Also, the MXoN rules as they sit are still loosely based on the old system where there were 125cc, a 250cc and a 500cc World Championships, so each country would send a racer for each class. Today, there aren’t three classes, but we still have MX1, MX2 and “Open” as the three classes at the Motocross of Nations, when in reality we only have two classes today: The 250cc (MX2) and 450cc (MX1) classes.

Understanding this, here is the first of two ideas about how a revamped Motocross of Nations could work:

Each team picks five racers in each class.
The 10 racers on each team line up and race two (or three) motos.
The score is tabulated and the champion region is crowned.

Or here is a second way a revamped Motocross of Nations could work:

Each team picks 10 racers in each class.
Similar to the current format, “USA” races “Rest of World” in moto one, then “Rest of World” races “Europe” in moto two, and then “USA” races “Europe” in the final moto (or some variation thereof).
The results are tabulated and the champion region is crowned.

Check out the list of racers we could have on each team and try to imagine how good it would be if the race were held this way in 2013:

USA 450:
Ryan Villopoto
Ryan Dungey
Justin Barcia
Trey Canard
James Stewart
Jake Weimer
Andrew Short
Broc Tickle
Mike Alessi
Josh Grant

USA 250:
Eli Tomac
Blake Baggett
Zach Osborne
Jeremy Martin
Justin Bogle
Jason Anderson
Cooper Webb
Kyle Cunningham
Will Hahn
Cole Seely

Europe 450:
Antonio Cairoli
Clement DeSalle
Ken de Dycker
Gautier Paulin
Kevin Strijbos
Tommy Searle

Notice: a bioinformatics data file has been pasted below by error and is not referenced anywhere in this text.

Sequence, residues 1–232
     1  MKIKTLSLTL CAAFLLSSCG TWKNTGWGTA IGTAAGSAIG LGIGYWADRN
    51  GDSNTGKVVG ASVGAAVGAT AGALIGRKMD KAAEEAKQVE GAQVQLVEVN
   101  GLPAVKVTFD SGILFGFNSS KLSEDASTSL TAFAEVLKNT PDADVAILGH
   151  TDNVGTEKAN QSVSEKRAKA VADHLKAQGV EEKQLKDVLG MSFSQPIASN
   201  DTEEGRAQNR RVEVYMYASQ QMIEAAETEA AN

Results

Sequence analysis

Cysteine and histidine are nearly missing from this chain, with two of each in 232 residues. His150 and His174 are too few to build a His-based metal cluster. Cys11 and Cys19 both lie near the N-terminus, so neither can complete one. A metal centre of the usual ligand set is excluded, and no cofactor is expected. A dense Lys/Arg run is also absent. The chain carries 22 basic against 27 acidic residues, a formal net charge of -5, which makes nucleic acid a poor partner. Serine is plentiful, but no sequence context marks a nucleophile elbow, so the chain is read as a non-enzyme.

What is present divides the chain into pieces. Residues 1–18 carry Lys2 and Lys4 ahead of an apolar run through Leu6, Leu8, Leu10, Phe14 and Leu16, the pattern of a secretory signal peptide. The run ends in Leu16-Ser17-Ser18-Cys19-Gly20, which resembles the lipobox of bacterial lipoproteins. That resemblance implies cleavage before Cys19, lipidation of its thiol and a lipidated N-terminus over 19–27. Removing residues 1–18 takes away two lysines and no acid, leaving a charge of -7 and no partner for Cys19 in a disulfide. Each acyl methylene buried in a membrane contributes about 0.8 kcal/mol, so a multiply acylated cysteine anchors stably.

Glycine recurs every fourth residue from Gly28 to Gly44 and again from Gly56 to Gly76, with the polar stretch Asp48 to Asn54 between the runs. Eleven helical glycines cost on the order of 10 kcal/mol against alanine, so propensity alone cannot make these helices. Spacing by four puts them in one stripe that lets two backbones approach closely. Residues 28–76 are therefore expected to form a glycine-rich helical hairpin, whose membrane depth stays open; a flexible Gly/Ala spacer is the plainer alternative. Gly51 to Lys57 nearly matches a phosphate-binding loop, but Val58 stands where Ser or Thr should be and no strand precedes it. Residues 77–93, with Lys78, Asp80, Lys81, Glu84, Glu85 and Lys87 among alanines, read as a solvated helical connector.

Dean Wilson
Max Nagl
Evgeny Bobryshev
Jeremy van Horebeek

Europe 250:
Ken Roczen
Marvin Musquin
Jeffrey Herlings
Jordi Tixier
Jose Butron
Christophe Charlier
Grant Coldenhoff
Jake Nicholls
Max Anstie
Alessandro Lupino

Rest Of World 450:
Tyla Rattray
Brett Metcalfe
Chad Reed
Tyler Medaglia
Jeremy Medaglia
Akira Narita
Gareth Swanepoel
Cody Cooper
Matt Moss
Jake Moss

Rest Of World 250:
Martin Davalos
Kaven Benoit
Dean Ferris
Luke Styke
Kale Makeham
Brock Winston
Ryan Marmont
Takeshi Katsuya
Dylan Long
Rhys Carter

Imagine this race. It could be the greatest thing in the history of motocross!

Now, the getting all of these guys to the same place with their equipment could be quite expensive, for sure, but I believe where there’s a will, there’s a way. It can be done, and obviously it gets easier if you cut each of those lists in half to have only five riders per class, per region, but regardless, this is the only way I can think of to level the playing field at this event.

If we could do it, all that leaves is the name of the event. It could stay the “Motocross of Nations” if it had to, but really only one of the teams would be a “nation”. However, they already changed the name once from “Motocross des Nations” to “Motocross of Nations”, so there’s no real reason why we can’t just use the Chamberlain Trophy for the new event, no matter what it’s called.

Who do we need to talk to in order to make this happen?